Sunday, March 21, 2010

Writing Prompts - When the Muse Needs Help

"P" is for "prompt" ...

Sometimes you need a prompt because you feel stuck in a writing rut.  At other times, you might use a prompt to see a situation from a new angle.  And then there are the times when you are looking for a cure for a totally blank mind (with me this state is usually the result of a complete lack of sleep).  A good prompt can help give you new ideas and a new perspective.  It cannot, unfortunately, give you a good night's sleep.  But that does seem to be asking a lot.

I always enjoy playing with a good writing prompt, even if I am not feeling particularly blank or stuck.  I simply find prompts to be entertaining, and occasionally a solid idea for a story or poem will result from playing around with one.  In light of this, I decided I would add a writing prompt feature to my blog page that I am going to call "Prompt the Muse".  At this point, I'm not planning to put each prompt in its own blog post, but instead I'll be putting the prompts on the home page of the blog itself.  I've started one blog post, my last one, to use as a prompt archive.  I will update that post with each new prompt.  My reason for not blogging each prompt separately is that for the time being I'd rather blog less frequently and make the posts more substantial, rather than have a lot of very short posts.

The internet is gorged with pages offering writing prompts of one form or another.  Sadly, a large number of these pages are themselves gorged with ads.  I find ads very distracting, and will avoid pages that have too many ads, or have them placed obtrusively.  However, there are a few places I've checked out for prompts and found something inspiring.  I thought I'd share one or two of those here.

Having just said I don't like ads, I'm still going to mention HubPages: 101 Writing Prompts.  Yes, too many ads for my taste, but I liked the list.  The only issue with a long list of prompts is that it can be overwhelming, rather than liberating.  A list like this is nice to have for reference, but usually when I look for prompts I'd rather encounter them one at a time.  I find I am more likely to think harder and move out of my comfort zone if I 'must' work to a given prompt, rather than have the complete freedom to pick one that I find appealing.  So I generally gravitate to places I can find daily or weekly prompts such as Sunday Scribblings and What's Your Story.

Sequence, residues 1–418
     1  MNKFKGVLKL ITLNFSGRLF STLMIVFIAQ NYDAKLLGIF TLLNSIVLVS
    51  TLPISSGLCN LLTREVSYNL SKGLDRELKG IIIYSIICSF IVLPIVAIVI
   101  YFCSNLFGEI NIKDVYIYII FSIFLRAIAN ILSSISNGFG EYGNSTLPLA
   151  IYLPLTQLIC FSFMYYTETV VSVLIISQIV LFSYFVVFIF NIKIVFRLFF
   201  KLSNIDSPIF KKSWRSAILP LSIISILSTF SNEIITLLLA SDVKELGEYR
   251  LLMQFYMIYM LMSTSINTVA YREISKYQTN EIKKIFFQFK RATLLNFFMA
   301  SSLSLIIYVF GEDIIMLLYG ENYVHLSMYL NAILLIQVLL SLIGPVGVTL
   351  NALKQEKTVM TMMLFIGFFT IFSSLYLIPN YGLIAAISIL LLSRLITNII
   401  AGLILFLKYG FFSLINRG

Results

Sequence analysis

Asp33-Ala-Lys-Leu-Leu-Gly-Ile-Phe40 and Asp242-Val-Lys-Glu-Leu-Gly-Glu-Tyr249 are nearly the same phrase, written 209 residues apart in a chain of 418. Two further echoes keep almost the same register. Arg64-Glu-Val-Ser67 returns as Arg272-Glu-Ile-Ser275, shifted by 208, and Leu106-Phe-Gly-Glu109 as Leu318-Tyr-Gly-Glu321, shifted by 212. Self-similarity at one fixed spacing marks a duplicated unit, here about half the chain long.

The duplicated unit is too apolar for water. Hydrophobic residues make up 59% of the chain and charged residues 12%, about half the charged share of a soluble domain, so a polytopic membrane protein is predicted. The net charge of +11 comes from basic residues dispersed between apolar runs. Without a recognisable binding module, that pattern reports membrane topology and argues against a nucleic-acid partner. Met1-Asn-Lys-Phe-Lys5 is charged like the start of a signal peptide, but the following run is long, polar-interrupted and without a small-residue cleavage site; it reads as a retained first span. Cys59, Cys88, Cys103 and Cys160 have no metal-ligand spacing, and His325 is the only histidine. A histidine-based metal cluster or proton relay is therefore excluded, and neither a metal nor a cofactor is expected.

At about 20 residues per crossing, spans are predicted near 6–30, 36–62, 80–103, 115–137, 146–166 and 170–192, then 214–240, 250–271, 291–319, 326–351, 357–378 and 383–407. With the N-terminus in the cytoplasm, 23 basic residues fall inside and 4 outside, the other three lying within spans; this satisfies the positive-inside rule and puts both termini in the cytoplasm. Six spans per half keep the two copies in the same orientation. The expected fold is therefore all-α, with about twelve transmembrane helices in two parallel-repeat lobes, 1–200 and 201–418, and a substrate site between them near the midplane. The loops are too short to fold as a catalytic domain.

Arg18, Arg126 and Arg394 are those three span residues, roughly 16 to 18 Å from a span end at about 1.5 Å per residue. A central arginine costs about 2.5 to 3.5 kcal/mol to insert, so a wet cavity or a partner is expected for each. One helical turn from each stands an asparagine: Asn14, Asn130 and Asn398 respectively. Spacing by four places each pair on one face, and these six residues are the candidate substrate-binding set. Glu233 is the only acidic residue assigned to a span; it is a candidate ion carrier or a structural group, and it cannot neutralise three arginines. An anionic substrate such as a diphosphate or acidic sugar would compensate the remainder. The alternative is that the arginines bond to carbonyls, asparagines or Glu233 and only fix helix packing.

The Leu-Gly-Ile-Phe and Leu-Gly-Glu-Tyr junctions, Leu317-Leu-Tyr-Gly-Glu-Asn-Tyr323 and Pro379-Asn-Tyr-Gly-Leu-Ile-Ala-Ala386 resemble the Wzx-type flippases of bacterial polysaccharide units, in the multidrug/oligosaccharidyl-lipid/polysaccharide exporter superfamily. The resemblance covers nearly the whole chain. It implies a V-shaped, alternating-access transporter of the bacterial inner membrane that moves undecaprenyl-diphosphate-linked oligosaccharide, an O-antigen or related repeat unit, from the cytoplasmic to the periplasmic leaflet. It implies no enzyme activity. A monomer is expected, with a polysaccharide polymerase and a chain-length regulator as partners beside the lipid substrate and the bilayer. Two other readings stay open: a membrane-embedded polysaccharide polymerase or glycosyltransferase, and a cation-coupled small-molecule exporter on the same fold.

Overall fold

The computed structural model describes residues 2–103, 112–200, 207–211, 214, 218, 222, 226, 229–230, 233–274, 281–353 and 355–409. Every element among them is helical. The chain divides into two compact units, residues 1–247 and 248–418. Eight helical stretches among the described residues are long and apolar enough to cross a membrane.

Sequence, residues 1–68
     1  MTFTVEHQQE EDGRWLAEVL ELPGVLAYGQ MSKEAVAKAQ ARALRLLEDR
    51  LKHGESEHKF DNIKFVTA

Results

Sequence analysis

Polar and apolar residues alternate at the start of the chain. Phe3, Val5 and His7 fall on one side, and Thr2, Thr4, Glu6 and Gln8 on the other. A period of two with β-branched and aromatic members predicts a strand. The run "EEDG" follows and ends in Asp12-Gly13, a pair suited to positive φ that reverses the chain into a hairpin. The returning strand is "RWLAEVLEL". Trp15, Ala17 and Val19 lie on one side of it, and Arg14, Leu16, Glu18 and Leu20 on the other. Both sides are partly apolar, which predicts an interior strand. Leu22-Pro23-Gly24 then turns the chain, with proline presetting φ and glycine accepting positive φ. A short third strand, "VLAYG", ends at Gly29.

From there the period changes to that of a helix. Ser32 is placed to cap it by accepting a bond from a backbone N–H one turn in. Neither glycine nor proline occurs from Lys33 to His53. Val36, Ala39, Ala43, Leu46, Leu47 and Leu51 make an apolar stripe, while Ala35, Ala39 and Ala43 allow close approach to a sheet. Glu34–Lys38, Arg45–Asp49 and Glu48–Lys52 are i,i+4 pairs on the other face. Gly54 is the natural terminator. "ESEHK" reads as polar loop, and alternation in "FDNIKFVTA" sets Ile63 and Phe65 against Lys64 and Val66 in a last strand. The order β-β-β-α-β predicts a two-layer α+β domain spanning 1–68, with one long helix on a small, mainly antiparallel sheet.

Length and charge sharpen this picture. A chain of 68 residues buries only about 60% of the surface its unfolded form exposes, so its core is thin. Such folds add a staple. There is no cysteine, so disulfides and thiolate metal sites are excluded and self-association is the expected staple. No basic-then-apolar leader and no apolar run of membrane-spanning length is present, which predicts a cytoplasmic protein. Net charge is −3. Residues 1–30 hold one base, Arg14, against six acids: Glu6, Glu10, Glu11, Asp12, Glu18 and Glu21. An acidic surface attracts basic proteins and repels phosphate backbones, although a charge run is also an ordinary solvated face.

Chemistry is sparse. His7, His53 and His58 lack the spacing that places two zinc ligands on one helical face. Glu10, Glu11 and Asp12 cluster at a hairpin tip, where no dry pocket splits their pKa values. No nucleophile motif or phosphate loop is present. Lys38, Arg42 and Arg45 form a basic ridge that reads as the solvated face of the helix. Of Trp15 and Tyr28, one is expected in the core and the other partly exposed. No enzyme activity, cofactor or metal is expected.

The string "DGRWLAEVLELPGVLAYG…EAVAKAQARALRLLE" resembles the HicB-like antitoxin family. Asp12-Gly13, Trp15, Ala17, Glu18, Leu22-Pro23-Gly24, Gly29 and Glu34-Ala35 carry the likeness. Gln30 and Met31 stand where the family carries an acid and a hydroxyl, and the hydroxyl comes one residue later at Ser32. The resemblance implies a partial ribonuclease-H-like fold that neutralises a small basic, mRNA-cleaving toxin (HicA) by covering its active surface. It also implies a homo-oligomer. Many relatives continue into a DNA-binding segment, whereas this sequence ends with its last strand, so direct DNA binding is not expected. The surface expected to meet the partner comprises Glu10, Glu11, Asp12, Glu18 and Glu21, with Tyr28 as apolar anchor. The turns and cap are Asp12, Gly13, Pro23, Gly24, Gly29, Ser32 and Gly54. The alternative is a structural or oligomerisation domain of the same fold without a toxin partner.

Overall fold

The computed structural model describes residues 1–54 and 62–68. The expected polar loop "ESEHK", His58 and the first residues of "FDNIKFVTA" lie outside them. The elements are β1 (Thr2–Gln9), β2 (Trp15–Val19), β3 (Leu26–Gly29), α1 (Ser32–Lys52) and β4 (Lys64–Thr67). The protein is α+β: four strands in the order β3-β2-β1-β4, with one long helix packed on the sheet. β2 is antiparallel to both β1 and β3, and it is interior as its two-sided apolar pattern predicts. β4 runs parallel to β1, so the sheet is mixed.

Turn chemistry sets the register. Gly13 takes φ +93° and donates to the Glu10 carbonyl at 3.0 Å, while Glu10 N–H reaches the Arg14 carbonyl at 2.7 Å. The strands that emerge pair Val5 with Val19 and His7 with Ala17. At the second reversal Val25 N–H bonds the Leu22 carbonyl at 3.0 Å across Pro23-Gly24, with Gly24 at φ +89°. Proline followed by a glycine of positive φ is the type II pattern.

Better yet are daily/weekly prompts that suggest a time or word limit.  Not that you can't simply choose to limit any prompt you encounter with time or length, but again, I like the structure of having the task defined for me.  I enjoy the challenge of working up against a limit; again, it inspires me to move out of my comfort zone and the limit on the task makes it feel more manageable.  A couple of prompt providers of this nature include The One-Minute Writer (pretty obvious what the limit is there) and the Writer's Digest Writer's Prompts which are nominally 750 words or less.

Do you have a source for writing prompts?  I'd be very interested to hear your favorites and see if they become mine, too.  I'm particularly interested in prompts that cater to fiction writers, especially in my chosen genres of SF/F/H/Spec.  Happy writing.


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Andy said...

I've never tried using a prompt per se (though my outlet is more music than writing). Do you find taking verbal suggestions ("Hey, write a story about X") to give you the same response? Have you ever tried collaborating on writing something?

Sorry if this is tangential at best. :)

JA Grier (ee/em/eir) said...

Andy - Those are two good questions. Sometimes a verbal prompt or suggestion works very well. I think that happens when the prompt is stated and then not elaborated upon (i.e. 'write about X' with no explanations or excuses.)

I have not collaborated on a work of written fiction. All the other collaborative efforts are things I believe you know about - two songs, a textbook, and some papers. None of those efforts were based in an exchange of writing prompts. Although it might make for a fun workshop-style exercise to try something like that.